As God’s people we are all called to a life of compassion. And one doesn’t have to look very far in today’s world to see the needs are many and great. But what is compassion, really? Translated from Latin, it means “to suffer with.” Compassion is not the same as sympathy or pity. It’s not just the emotional response we feel when we see or hear stories of great suffering. The movement of compassion begins with awareness, causes us to discern our attitude and ultimately moves us to action, to enter into suffering, to get involved, to become vulnerable and to engage in the suffering of others. The four seeds of compassion are: non-judgment, non-violence (in thought, word and deed), forgiveness and mindfulness.
Thanks to a grant from the Episcopal Diocese of San Diego, I had the privilege of spending five days on Bowen Island, B.C., a short ferry ride from Vancouver. The retreat and facilitator workshop were led by Joyce Rupp, O.S.M., a prominent spiritual writer and speaker. Her books, Boundless Compassion and Prayers of Boundless Compassion released in early 2018.
The four-day retreat focused on themes of self-compassion, compassion and suffering, compassion for creation, compassion fatigue, and compassion for the marginalized. Joyce led the group in guided meditation and prayer and facilitated large group discussions. Time was given for personal reflection and small group sharing. Among the group of 50 participants, trust formed quickly among countless moments of healing and renewal.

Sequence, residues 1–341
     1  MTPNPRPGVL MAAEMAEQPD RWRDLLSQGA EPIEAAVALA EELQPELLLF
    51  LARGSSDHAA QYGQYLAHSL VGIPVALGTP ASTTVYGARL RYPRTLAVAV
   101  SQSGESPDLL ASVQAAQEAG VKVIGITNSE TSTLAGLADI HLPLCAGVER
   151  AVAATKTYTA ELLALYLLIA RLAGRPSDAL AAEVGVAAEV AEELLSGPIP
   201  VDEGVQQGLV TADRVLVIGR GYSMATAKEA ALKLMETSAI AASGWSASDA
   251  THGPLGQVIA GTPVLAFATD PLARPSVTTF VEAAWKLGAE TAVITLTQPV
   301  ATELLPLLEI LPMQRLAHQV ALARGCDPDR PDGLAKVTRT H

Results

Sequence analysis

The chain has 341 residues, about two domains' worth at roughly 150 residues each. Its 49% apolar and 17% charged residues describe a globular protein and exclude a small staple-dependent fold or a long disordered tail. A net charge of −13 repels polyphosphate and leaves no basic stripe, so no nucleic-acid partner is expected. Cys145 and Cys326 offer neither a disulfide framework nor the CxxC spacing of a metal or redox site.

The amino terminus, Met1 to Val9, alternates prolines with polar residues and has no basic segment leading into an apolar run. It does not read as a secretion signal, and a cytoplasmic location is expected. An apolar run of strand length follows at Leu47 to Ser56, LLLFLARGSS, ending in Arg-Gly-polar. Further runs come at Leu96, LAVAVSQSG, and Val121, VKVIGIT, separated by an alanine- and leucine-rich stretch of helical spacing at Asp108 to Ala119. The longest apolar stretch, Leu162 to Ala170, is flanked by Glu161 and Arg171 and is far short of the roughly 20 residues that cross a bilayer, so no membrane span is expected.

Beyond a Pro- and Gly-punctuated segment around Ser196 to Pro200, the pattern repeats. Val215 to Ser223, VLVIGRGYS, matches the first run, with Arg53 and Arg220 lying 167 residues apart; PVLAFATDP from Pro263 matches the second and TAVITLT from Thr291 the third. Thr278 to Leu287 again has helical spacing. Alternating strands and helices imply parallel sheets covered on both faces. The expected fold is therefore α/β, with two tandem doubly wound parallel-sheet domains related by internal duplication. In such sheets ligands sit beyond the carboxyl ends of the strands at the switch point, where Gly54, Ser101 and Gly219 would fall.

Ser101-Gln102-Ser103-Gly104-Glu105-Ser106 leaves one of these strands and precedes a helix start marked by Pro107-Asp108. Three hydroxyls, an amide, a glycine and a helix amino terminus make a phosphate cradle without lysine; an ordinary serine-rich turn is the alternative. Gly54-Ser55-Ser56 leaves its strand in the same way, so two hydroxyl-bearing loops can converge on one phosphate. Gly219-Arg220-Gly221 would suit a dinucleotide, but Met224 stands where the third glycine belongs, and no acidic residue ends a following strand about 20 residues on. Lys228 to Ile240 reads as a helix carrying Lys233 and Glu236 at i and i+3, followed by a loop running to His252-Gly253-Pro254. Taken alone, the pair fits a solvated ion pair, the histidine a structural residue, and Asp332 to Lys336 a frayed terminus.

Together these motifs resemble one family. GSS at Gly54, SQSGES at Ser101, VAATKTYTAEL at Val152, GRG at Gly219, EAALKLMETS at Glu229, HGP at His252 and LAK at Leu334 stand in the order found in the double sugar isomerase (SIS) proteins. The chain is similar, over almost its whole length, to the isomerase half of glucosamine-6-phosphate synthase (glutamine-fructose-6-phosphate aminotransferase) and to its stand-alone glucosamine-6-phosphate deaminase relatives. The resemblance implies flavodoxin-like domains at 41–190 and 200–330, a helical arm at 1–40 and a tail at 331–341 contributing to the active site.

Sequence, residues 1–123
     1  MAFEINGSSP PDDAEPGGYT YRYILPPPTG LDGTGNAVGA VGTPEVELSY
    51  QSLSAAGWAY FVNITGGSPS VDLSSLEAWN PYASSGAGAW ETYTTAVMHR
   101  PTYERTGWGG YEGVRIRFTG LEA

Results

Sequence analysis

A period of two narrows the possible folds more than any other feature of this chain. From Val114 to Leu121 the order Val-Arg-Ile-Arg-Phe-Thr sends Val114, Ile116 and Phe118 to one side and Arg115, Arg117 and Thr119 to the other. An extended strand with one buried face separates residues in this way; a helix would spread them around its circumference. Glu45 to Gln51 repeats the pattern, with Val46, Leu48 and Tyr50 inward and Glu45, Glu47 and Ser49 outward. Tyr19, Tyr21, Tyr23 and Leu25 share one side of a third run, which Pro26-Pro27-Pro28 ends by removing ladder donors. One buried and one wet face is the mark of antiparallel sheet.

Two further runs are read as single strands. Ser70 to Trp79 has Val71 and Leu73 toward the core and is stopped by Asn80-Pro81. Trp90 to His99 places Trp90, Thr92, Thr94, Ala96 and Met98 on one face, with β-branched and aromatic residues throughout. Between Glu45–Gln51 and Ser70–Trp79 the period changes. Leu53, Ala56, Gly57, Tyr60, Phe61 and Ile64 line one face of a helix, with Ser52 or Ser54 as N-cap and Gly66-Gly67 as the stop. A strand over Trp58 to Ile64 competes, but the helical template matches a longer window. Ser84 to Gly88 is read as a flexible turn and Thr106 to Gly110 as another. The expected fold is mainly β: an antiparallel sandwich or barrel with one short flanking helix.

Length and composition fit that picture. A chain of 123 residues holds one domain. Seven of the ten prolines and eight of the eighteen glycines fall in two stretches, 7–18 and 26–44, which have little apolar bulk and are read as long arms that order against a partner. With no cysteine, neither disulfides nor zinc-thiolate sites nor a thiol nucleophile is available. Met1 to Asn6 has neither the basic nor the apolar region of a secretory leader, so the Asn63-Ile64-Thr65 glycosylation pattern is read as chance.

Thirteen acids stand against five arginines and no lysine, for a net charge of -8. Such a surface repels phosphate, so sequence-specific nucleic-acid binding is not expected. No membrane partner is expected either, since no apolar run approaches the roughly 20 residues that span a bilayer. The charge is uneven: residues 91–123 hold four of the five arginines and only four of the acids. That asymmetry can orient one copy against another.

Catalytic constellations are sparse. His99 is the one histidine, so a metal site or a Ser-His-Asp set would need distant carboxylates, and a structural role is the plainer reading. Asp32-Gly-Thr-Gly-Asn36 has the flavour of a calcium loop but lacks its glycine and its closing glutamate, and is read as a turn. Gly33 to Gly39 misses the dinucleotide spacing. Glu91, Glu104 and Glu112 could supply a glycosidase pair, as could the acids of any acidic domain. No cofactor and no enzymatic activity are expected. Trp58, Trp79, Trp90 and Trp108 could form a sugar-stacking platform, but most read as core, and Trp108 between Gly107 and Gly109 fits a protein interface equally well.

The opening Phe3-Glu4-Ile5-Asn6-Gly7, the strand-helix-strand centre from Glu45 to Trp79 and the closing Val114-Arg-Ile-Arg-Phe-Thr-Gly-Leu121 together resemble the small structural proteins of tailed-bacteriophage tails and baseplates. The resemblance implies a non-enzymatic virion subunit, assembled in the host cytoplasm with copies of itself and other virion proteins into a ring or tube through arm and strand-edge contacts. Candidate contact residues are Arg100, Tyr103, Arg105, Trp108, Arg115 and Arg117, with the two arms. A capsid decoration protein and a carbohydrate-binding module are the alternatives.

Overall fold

On the fifth day, 18 of us gathered at Rivendell Retreat Center for a facilitator workshop. The time was dedicated to learning and exploring the ways someone might bring this material back to everyday life and share it with others. The possibilities are endless and there is tremendous work being done across the world by business people, medical professionals, social workers, clergy, laity, etc.
So how can we as individuals and collectively as parishes cultivate a life of compassion? St. John of the Cross said, “We become what we behold.” I encourage you to spend time reflecting on acts of compassion you’ve witnessed or experienced. How have you shown compassion to someone? Has there been a time when you experienced the compassion of someone else? Spend a few minutes each day contemplating one of the four seeds of compassion mentioned above and ask God to help you cultivate that seed in your daily interactions with yourself and others. Compassion begins with self-love.
If you are interested in a hosting a Boundless Compassion small group, conference, workshop or retreat at your church, workplace or with some other group, please feel free to reach out to me at firstname.lastname@example.org